10 benefits of exercise for mental health
We all know that exercise is important for our physical wellbeing, but have you considered the benefits of exercise for your mental health?
The World Health Organisation describes mental health as a state of wellbeing where an individual realises their own abilities, can cope with the normal stresses of life, can work productively, and is able to make a contribution to their community.
Our mental health affects how we think, feel, and act. It also helps determine how we handle stress, relate to others, and make choices.
Looking after your mental health is important at every stage of life, from childhood to adulthood. One way we can look after our mental health is by incorporating physical activity into our daily routines.
Here are 10 benefits of exercise for your mental health:
1. A better night’s sleep
We’ve all climbed out of the ‘wrong side of the bed’ after a bad night’s sleep – we can be grumpy, irritable and our mood can suffer. Moreover, prolonged sleeplessness can be linked to a number of mental health conditions including depression and anxiety.
Regular exercise can improve our sleep quality, which supports our healthy brain function. When we exercise our body releases feel-good chemicals which can help to reduce pre-sleep anxiety, as well as some common sleep problems such as restless leg syndrome, insomnia and sleep apnoea.
Exercise can also increase the amount of deep sleep we get to help us to recover from mental exertion.
2. Sharpens your thinking
If you’re keen to improve your focus, exercise is highly recommended as a solution for people of all ages.
Evidence-based research shows that your concentration is enhanced after exercise. In the long term, exercise can also help to combat brain ageing and Alzheimer’s through improved blood flow and increased levels of important proteins in the brain.
3. Improves energy levels
Starting your day with some physical activity can help you feel more energised and ready to tackle the rest of the day thanks to the release of endorphins in the brain.
Endorphins, which are often referred to as ‘feel-good hormones’, not only reduce your perception of pain and trigger a positive feeling in the body, but they can also help increase your energy levels and help you move.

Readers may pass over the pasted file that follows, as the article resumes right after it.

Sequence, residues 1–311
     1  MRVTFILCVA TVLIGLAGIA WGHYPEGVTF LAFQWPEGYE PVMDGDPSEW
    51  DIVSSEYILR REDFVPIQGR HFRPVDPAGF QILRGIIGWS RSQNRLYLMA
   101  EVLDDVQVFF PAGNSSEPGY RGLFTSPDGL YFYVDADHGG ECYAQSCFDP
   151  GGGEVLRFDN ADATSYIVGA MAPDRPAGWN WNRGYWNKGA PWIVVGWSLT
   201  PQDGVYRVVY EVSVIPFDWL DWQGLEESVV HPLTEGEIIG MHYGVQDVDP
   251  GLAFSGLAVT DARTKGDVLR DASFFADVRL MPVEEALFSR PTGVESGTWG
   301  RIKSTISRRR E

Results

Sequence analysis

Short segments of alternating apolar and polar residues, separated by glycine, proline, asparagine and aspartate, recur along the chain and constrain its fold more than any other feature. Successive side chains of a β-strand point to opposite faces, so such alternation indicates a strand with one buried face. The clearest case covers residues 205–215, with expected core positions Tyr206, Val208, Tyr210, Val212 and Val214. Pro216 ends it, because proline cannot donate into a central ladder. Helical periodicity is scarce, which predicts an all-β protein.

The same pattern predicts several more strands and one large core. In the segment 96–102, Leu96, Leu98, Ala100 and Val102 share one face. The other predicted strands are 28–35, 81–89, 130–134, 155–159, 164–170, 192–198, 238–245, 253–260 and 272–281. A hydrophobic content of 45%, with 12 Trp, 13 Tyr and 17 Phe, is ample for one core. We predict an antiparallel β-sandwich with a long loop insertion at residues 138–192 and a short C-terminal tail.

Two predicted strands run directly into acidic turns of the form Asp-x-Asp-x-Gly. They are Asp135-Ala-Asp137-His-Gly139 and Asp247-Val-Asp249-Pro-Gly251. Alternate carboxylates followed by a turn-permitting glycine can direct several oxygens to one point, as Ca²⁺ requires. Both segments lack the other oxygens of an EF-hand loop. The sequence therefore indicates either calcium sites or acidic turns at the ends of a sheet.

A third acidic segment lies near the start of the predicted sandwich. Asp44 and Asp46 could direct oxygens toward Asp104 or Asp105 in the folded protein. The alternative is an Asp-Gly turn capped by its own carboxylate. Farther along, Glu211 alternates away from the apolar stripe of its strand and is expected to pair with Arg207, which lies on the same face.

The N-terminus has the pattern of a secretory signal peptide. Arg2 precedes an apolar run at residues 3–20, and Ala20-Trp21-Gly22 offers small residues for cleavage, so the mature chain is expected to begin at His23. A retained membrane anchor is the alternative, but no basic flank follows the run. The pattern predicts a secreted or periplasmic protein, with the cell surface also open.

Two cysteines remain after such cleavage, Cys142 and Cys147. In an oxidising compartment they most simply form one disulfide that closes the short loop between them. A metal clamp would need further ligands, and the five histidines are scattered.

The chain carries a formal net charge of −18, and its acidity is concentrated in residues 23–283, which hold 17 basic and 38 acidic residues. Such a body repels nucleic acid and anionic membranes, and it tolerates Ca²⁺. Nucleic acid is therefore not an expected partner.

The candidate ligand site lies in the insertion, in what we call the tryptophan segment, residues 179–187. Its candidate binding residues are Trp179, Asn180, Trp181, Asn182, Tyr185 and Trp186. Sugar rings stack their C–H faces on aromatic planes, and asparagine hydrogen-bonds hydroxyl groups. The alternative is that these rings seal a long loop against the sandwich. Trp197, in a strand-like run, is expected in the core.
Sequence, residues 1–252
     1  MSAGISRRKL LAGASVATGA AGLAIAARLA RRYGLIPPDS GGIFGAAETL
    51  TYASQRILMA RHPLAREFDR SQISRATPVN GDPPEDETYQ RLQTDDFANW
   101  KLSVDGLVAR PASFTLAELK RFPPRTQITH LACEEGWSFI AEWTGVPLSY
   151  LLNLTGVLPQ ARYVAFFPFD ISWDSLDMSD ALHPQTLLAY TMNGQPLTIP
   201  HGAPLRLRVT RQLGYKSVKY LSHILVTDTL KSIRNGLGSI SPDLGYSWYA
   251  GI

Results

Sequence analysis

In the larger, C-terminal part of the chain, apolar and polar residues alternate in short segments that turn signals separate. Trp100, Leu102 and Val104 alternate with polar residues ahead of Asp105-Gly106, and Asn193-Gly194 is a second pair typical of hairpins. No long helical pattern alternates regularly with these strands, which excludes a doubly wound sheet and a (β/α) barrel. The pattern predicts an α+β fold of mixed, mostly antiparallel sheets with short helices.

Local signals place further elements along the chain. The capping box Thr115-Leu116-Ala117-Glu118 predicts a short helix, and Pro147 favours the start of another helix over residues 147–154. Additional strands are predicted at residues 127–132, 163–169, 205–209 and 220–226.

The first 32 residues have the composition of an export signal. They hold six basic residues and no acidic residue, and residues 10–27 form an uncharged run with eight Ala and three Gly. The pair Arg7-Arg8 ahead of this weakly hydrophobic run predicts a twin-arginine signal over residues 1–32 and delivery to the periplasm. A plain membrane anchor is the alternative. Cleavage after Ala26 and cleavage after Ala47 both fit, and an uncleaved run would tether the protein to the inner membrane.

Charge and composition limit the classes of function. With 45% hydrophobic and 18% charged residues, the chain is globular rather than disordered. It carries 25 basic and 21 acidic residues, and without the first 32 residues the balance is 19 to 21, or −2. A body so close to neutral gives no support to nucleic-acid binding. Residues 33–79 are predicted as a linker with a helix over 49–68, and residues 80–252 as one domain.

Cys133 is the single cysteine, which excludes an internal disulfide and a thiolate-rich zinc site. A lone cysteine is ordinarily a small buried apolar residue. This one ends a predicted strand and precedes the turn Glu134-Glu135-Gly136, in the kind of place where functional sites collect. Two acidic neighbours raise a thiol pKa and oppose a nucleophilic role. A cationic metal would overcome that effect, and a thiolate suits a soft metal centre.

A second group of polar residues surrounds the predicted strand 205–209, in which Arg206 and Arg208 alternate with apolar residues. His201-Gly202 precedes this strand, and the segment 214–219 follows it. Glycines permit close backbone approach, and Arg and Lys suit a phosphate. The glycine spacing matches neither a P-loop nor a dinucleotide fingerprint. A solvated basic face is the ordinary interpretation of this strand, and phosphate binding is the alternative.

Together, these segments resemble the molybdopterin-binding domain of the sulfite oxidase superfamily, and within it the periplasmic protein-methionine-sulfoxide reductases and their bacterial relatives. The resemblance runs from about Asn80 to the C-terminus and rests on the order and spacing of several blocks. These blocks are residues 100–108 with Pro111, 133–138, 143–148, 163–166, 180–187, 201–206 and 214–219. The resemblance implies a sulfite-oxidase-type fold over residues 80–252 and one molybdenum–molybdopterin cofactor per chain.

Physical activity can also boost your cardiovascular health, which allows you to have greater endurance throughout the day. When it’s easier to do your daily activities, you’ll have more energy left over and not feel so 'sluggish' at the end of the day.
4. Reduces risk of physical health issues
We all know that exercise is good for our physical health, and when we're physically-well, it can do wonders for our mental health too.
Regular physical activity can help manage weight, strengthen bones and muscles, and improve your ability to do everyday activities. According to Dementia Australia, people who exercise regularly are also less likely to experience heart disease, stroke, high blood pressure, and type 2 diabetes, all of which are factors that are associated with an increased risk of developing dementia.
5. Improves your confidence
Self-esteem and the degree to which we feel positive about ourselves is an important part of our mental health. Good self-esteem can boost our mental growth, and research has demonstrated that we experience significant increases in self-esteem following exercise.
When we exercise our bodies feel better physically and mentally which in turn can help us feel better about our quality of life and have a more positive attitude towards ourselves.
6. Mood booster
You may have heard of a ‘runner’s high’, that feeling of bliss that occurs during and after exercise. This euphoria is thanks to chemicals that are released when you’re active.
Exercise stimulates the production of chemicals like endorphins, endocannabinoids and dopamine that improve your mood, as well as helping to reduce anxiety and stimulate feelings of calm.
7. A stress release
We all experience stress in our lives, and a small amount of stress from time-to-time is not a problem. But when stress is intense and constant, it can result in changes to the brain that can contribute to the development of physical and mental illnesses.
Exercise is one of the most popular recommendations by health care professionals to alleviate stress. Physical activity reduces levels of our body’s stress hormones including adrenalin and cortisol while having a positive effect on your cardiovascular, digestive and immune systems, further protecting your body from the harmful effects of stress.